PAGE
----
Boeing has said it will look to be an ‘aviation sector champion’ by joining a global sustainability alliance established by the US government and the World Economic Forum (WEF).
The First Movers Coalition (FMC) was founded in 2021 to bring big brands together across seven industrial sectors which are difficult to decarbonise. The sectors, alongside aviation, are aluminium, chemicals, concrete, shipping, steel, and trucking.
The coalition believes that reducing emissions to Net Zero by 2050 is possible ‘if the right technologies are brought to commercial scale within the next decade.’ Members include tech giants such as Amazon and Apple, automotive manufacturers Ford and Volvo, and industrial companies like Schneider Electric. Airbus and United are organisations in the aviation sector already on board.
As part of joining the coalition, Boeing is committing to supporting greater commercialisation of sustainable aviation fuels and advancing other low-carbon technologies, as well as increase industry partnerships in expanding sustainable aviation fuel supplies.
Boeing, which invests more than $3 billion (£2.48bn) annually in research and development, has run its ecoDemonstrator program for the last decade. This summer, the program’s projects will include technologies such as a new system to conserve water and the addition of vertical vanes on an aircraft’s wing which can improve aerodynamic efficiency during take-off and landing. To date, 230 technologies have been tested as part of the program.
Brian Moran, Boeing vice president of global sustainability, policy and partnerships, said the company was ‘honoured to serve as ‘champion’ for our sector and [are] committed to partnering with FMC members and others on scaling [sustainable aviation fuels] and accelerating low-carbon technologies to decarbonise aviation.’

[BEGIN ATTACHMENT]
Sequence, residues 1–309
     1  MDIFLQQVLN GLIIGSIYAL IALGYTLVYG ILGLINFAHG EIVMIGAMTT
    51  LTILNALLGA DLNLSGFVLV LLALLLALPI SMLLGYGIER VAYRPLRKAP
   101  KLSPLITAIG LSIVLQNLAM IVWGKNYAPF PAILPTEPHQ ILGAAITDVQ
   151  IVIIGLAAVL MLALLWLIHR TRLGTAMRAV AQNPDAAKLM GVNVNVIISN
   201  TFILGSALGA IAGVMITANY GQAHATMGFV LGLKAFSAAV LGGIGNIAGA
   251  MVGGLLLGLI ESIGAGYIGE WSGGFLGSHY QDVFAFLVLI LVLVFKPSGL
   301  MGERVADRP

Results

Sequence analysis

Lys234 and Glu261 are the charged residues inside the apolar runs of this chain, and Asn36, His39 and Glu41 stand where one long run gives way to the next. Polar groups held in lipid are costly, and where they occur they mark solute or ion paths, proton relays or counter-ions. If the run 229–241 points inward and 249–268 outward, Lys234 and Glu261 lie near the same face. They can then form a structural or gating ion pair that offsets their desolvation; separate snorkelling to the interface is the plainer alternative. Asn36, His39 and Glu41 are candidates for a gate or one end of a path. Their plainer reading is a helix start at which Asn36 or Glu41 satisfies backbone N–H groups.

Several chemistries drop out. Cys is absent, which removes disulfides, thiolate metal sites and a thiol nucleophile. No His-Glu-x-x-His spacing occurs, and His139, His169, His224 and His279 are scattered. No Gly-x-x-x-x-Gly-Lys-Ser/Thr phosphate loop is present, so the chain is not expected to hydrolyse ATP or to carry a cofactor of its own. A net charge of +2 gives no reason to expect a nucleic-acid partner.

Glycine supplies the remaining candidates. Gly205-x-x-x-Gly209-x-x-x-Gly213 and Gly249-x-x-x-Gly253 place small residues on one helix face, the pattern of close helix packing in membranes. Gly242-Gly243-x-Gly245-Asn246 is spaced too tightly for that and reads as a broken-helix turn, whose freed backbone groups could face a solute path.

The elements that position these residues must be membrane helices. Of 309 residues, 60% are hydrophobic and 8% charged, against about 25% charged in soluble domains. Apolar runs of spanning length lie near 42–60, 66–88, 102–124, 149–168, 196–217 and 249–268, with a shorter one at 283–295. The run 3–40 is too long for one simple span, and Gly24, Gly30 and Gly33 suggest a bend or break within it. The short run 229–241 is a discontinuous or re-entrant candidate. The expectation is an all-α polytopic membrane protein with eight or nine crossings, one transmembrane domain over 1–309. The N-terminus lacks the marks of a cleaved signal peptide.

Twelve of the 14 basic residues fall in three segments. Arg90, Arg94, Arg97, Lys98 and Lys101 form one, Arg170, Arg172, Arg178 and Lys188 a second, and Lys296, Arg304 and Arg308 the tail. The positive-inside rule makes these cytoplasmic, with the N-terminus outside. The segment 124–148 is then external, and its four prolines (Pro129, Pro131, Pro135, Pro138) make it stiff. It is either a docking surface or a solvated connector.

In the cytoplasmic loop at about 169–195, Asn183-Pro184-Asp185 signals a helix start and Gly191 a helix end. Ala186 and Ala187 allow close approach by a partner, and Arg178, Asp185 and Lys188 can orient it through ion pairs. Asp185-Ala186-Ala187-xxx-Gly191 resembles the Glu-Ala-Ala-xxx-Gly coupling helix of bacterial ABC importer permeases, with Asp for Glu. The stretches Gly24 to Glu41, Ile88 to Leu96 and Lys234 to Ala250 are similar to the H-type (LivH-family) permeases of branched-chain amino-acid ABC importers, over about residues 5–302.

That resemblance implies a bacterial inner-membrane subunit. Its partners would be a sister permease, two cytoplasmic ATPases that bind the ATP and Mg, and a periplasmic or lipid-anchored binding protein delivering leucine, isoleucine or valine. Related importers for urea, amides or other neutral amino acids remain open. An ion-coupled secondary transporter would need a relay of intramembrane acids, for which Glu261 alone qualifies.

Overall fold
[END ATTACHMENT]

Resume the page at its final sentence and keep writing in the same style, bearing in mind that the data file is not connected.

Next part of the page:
At the World Economic Forum annual meeting in May, FMC members Alphabet, Microsoft and Salesforce collectively committed $500 million towards carbon dioxide removal. Alongside this, eight nations joined as government partners, including India, Japan and the United Kingdom.
The WEF hailed the financial pledge as ‘the largest market signal in history to commercialising emerging clean technologies’, but not everyone was convinced. The Verge described the commitment as ‘pouring millions into the wrong climate solution’, pointing out that ‘despite the cascade of new climate pledges from big tech, the emissions of many companies continue to grow.’ As this publication reported earlier this month, Amazon’s emissions increased by 18% year over year, though the company argues ‘carbon intensity’, which went down, is a more relevant metric.
Boeing also announced the appointment of Robert Boyd, formerly of the International Air Transport Association (IATA) to a role working with FMC members and other industry partners. Boyd’s previous roles include serving as a member of the United Nations International Civil Aviation Organisation (ICAO) fuel tanks group, as well as on the board of directors for the Roundtable on Sustainable Biomaterials (RSB).
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